Once again missing analyst expectations, Snap reported third-quarter revenue of just $208 million and a net loss of $443 million, on Tuesday.
Worse yet, the company said it added just 4.5 million new daily active users during the period, which brought total DAUs to roughly 175 million.
With regard to Snap’s latest earnings fail, analysts had mixed feelings on Tuesday.
“My optimistic side likes to think that the past three quarters since Snap’s IPO are helping to set expectations regarding reasonable growth rates for new advertising-driven businesses -- expectations that have been thrown for a loop due to Facebook's unprecedented success,” said Forrester analyst Melissa Parrish.
“My pessimistic side is concerned that while I will always applaud a company’s efforts to improve and simplify the user experience, the complicated interface may not be the primary reason the app hasn't appealed to a wider audience.”
Parrish is referring to Snap’s decision to redesign its flagship app, which CEO Evan Spiegel outlined on Tuesday.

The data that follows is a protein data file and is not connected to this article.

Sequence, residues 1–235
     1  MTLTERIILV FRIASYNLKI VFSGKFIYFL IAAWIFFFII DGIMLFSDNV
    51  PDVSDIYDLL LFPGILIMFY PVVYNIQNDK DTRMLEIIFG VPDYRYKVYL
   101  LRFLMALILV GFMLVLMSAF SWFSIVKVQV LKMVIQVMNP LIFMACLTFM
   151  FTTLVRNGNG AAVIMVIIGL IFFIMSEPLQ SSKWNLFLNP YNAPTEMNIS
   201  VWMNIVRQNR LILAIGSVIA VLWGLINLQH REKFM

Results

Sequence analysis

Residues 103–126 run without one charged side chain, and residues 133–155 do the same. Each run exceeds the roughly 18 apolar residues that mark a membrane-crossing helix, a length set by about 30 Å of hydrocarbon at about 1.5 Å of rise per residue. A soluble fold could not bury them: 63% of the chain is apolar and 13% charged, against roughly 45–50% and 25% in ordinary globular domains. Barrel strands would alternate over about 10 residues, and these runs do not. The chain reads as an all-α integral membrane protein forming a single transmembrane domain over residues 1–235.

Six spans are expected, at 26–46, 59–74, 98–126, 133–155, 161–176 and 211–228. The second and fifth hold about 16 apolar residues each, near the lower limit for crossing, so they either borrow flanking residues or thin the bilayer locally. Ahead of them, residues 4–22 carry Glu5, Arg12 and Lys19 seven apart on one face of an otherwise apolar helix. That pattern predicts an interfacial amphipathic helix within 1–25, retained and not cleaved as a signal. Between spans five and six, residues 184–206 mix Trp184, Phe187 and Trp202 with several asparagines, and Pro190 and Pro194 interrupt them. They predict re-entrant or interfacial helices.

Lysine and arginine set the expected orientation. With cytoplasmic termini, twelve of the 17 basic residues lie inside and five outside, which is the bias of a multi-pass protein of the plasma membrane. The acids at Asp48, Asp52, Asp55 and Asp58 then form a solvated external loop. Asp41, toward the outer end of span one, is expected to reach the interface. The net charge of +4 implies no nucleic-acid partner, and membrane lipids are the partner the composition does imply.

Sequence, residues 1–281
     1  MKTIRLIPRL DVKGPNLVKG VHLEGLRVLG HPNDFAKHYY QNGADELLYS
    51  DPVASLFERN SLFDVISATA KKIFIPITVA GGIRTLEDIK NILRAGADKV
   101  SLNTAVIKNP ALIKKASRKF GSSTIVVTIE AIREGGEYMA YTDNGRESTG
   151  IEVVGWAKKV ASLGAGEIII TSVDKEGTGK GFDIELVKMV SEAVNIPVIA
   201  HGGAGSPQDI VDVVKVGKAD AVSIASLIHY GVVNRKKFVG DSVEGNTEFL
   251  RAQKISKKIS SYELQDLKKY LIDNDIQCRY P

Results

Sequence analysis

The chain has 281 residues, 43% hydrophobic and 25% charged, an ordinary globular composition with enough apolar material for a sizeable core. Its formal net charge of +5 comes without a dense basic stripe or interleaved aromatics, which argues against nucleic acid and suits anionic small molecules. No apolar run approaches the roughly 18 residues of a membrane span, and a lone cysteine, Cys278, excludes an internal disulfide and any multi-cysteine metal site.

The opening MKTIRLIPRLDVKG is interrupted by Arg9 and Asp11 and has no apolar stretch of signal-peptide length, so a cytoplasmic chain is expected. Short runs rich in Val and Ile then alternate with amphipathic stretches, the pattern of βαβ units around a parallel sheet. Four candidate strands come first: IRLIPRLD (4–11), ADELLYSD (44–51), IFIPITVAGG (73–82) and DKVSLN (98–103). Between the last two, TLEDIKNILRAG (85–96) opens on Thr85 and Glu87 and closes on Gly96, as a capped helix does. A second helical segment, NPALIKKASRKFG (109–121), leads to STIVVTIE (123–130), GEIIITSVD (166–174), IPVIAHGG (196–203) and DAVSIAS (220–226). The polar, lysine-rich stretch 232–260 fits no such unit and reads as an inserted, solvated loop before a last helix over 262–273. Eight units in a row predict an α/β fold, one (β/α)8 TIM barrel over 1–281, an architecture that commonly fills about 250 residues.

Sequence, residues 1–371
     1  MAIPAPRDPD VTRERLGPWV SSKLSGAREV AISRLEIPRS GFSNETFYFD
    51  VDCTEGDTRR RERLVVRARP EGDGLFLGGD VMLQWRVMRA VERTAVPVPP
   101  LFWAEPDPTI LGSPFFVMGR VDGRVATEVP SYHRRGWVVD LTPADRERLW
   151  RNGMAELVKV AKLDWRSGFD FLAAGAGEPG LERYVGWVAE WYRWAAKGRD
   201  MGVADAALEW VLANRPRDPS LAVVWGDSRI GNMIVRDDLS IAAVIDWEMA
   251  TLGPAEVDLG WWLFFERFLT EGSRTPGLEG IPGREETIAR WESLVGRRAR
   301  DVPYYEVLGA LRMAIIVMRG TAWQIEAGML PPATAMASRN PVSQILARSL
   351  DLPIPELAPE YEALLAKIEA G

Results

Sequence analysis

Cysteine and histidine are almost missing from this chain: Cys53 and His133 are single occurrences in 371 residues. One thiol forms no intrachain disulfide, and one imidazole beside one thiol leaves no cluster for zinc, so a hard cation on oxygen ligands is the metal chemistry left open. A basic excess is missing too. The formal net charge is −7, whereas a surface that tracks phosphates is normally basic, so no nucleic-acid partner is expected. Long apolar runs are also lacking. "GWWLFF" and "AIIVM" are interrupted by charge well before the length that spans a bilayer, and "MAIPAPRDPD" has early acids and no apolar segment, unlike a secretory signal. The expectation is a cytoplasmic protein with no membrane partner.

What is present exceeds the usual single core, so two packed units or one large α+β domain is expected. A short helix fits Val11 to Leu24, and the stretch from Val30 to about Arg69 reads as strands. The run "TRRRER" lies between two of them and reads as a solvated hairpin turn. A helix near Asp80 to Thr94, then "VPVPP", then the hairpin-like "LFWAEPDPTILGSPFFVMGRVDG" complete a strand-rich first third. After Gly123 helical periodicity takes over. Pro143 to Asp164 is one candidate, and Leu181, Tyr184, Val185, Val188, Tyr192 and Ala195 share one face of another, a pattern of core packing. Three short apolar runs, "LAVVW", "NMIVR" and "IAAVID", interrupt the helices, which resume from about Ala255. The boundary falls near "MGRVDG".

“One thing that we have heard over the years is that Snapchat is difficult to understand or hard to use, and our team has been working on responding to this feedback,” Spiegel stated. “As a result, we are currently redesigning our application to make it easier to use.”
More troubling to investors, Spiegel said he did not expect the redesign to produce rabid business results. “There is a strong likelihood the redesign of our application will be disruptive to our business in the short term,” the young CEO said.
Characterizing the change as a “risk,” Spiegel admitted: “We don’t yet know how the behavior of our community will change when they begin to use our updated application.”
Among some Snap watchers, there is a sense that the company has lost its direction.
“It’s hard to be optimistic about their future when they don’t have a clear plan for growth or monetization,” said Ian Baer, Chief Strategy Officer at Rauxa, full-service marketing agency. “It just feels like they’re throwing darts, and were I an investor, or even a potential buyer should they choose that path, I’d be very wary.”
Among other innovations, Snap debuted “context cards” -- which can connect users within app experiences to various products, services and business information -- this past quarter.
Launched with a number of business partners from TripAdvisor to Foursquare to Michelin to goop, the cards also let users take simple actions, such as calling for a ride with Uber or Lyft, or reserving a table through OpenTable, Resy or Bookatable.
Snap also integrated its popular Stories features into context cards, which it hoped would make it easier for users to see more Snaps from places of interest. Clearly a work in progress, Snap said it is hoping to learn from users’ and business partners’ experience with the cards.